Man, what’s a corrupt organization supposed to do these days?
The NCAA may have to judge Arizona’s basketball program by only what has already been presented in court and any additional evidence it finds during its own investigation.
Stan Wilcox, the NCAA’s executive vice president for regulatory affairs, told the Athletic on Thursday that federal officials will not turn over all of the information gathered in its investigation into college basketball.
“They have not agreed to provide us with all of the information we’re asking for,’’ Wilcox told the Athletic. “There are some wiretaps that were not presented in court, that may have been listened to in judge’s chambers and such, that we would love to get our hands on. But that hasn’t been offered to us at this point.’’
That’s kind of a shitty thing to do, feds. The NCAA is a taxpayer, too, you know. Uh, wait… never mind.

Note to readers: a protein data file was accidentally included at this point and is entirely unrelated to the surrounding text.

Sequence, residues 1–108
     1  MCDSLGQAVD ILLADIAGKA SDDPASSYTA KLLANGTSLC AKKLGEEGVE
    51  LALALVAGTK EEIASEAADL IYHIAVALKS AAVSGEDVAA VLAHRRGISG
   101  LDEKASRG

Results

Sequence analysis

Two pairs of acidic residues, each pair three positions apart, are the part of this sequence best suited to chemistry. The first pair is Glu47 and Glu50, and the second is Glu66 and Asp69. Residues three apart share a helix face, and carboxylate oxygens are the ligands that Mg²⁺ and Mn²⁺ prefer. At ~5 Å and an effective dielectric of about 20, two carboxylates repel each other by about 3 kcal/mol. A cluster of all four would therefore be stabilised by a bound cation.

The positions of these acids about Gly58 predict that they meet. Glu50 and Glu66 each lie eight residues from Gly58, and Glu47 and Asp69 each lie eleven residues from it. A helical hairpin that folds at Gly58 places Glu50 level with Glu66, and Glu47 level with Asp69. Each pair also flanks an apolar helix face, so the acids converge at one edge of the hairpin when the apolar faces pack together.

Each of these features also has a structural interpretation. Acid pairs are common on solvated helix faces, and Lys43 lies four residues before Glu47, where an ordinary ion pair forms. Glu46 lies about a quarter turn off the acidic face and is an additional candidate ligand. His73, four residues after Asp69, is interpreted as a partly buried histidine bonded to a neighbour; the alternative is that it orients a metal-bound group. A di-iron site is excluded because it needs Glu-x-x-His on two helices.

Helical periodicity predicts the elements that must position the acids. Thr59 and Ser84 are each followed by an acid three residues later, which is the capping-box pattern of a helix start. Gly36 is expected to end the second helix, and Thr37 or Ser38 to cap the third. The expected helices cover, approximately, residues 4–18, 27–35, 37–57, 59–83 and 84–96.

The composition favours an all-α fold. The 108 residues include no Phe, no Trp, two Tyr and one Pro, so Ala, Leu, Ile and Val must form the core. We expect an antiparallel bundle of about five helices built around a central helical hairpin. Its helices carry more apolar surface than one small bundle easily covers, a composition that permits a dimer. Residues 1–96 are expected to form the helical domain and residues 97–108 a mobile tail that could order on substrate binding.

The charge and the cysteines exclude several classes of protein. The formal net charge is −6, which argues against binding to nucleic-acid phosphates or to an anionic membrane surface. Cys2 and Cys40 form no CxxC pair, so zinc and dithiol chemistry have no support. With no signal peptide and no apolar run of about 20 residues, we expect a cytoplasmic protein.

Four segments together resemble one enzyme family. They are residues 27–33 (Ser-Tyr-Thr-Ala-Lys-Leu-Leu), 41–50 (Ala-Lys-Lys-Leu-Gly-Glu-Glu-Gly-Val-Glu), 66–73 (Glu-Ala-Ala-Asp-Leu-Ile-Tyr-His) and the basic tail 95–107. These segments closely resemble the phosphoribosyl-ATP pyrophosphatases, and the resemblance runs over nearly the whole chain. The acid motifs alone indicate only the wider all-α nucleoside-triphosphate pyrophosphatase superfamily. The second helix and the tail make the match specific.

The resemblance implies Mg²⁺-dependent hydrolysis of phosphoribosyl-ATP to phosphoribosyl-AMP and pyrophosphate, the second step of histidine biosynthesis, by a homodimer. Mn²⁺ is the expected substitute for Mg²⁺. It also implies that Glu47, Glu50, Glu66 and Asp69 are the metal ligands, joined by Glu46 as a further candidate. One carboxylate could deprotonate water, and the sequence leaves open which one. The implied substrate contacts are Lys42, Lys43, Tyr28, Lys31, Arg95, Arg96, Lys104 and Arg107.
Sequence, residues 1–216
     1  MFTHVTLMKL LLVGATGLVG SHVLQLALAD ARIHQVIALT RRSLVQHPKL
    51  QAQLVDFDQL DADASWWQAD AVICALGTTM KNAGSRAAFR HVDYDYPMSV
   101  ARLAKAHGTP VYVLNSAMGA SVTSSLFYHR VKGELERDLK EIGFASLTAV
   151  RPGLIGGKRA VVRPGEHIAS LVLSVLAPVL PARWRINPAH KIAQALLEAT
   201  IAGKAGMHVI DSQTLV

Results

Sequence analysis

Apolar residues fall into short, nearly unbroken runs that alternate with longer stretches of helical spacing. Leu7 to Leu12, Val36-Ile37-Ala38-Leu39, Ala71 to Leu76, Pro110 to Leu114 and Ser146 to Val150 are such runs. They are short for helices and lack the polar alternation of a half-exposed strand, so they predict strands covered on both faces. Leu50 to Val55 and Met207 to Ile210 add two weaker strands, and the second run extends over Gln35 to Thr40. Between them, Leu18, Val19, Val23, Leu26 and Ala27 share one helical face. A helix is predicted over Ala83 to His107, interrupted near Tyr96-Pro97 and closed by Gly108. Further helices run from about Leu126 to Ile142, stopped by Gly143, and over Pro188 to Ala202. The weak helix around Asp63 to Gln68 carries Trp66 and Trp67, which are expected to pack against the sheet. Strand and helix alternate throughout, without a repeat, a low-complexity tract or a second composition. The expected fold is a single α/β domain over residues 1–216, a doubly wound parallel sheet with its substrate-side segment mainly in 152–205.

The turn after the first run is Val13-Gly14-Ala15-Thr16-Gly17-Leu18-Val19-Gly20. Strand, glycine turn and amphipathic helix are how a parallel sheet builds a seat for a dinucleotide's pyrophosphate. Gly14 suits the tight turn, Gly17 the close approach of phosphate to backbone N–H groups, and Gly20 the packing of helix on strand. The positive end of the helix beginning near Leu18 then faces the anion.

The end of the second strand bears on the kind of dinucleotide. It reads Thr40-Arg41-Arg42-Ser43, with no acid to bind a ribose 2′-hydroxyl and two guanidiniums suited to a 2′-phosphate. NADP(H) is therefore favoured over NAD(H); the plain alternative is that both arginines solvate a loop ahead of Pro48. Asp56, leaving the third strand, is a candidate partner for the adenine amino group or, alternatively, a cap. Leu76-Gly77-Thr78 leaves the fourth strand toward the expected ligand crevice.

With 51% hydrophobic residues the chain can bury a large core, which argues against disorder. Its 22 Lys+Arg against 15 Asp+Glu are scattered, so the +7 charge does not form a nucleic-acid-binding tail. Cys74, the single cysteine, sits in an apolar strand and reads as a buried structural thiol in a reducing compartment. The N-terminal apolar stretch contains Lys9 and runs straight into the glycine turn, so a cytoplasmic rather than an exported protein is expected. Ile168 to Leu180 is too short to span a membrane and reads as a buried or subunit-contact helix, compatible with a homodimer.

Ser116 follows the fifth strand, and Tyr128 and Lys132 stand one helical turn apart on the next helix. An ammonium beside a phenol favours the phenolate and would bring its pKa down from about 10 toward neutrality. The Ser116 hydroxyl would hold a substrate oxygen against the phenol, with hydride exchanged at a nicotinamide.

If the NCAA doesn’t find any additional evidence involving Arizona, and cannot corroborate allegations from court, such as Joe Pasternack’s alleged offer for Brian Bowen or Book Richardson’s wiretapped conversations about paying players, it may have to judge the Wildcats on Richardson’s guilty plea for bribery and the two NCAA violations Mark Phelps has been linked to.
If that happens, it would be a test case for NCAA bylaw 220.127.116.11, which says head coaches can be held responsible for the actions of their direct and indirect reports, facing punishments of up to a one-year suspension.
Hey, given the number of big-time programs that have been fingered, I’d say if you’re Cleveland State, you should be sweating a little right now. ‘Cause that’s the way Emmert’s bunch likes to roll.